Marital property, also referred to as community property, is more than just the family car, home and bank account contents. There are some lesser known marital items that you should be aware of, including the following:

How mediation can help in child custody matters

Going through a divorce or legal separation can be emotionally overwhelming and challenging, especially if there are children involved. While splitting up marital property can be difficult, it is nothing in comparison to splitting up the children and determining what type of custody would be best. SInce every situation is unique, the type of custody that works in each situation is also unique depending on the circumstances surrounding the case. Through traditional courtroom divorces, the judge presiding over the case looks at all of the information provided and makes a decision as to whether sole custody or joint custody is best. Mediation, on the other hand, allows couples to look at their own situation and create a custody arrangement that works best for them.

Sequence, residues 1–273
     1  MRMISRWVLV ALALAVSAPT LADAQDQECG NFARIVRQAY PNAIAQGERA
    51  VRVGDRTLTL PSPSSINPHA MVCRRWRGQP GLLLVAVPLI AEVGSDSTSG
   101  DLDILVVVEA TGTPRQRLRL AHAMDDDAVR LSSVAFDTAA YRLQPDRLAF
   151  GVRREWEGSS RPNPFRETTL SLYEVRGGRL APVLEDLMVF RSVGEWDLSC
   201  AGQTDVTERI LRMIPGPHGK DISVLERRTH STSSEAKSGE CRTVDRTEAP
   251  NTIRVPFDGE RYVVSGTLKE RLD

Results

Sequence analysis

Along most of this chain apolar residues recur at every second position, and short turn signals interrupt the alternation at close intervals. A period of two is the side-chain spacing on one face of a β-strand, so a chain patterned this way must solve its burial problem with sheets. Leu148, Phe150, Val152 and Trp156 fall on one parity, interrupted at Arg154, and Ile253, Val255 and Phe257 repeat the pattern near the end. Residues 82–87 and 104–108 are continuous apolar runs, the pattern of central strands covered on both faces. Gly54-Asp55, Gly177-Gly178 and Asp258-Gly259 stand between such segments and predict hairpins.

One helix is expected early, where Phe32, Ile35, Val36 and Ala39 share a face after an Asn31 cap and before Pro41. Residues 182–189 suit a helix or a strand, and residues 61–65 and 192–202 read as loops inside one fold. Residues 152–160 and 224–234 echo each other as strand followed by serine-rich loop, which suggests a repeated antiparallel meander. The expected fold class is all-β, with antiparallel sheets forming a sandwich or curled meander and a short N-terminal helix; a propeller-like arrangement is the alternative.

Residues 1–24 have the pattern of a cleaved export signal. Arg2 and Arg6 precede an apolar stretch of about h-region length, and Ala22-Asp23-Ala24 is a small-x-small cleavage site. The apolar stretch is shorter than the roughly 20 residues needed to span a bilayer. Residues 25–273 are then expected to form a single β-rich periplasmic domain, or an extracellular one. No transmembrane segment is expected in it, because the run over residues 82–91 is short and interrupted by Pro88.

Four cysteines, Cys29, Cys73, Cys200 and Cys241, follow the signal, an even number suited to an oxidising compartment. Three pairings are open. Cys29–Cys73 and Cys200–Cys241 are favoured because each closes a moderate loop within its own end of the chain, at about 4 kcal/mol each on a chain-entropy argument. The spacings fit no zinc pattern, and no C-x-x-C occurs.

During custody mediation, both couples will meet under the direction of a third-party mediator who will help guide the session. You can bring your attorney along for personal guidance. Before arriving at the mediation appointment, you should have a list of concerns and what you want to gain from the arrangement. Be prepared to back up your requests and understand that all decisions are made in the best interest of the children.